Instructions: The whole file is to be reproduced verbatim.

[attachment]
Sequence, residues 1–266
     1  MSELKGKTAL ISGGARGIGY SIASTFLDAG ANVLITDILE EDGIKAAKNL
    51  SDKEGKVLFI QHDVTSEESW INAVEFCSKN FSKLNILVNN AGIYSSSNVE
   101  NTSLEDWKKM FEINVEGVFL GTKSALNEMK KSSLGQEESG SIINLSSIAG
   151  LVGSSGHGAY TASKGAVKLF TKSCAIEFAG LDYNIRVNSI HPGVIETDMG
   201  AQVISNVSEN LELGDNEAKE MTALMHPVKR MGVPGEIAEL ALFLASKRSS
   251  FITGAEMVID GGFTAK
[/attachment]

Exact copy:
Sequence, residues 1–266
     1  MSELKGKTAL ISGGARGIGY SIASTFLDAG ANVLITDILE EDGIKAAKNL
    51  SDKEGKVLFI QHDVTSEESW INAVEFCSKN FSKLNILVNN AGIYSSSNVE
   101  NTSLEDWKKM FEINVEGVFL GTKSALNEMK KSSLGQEESG SIINLSSIAG
   151  LVGSSGHGAY TASKGAVKLF TKSCAIEFAG LDYNIRVNSI HPGVIETDMG
   201  AQVISNVSEN LELGDNEAKE MTALMHPVKR MGVPGEIAEL ALFLASKRSS
   251  FITGAEMVID GGFTAK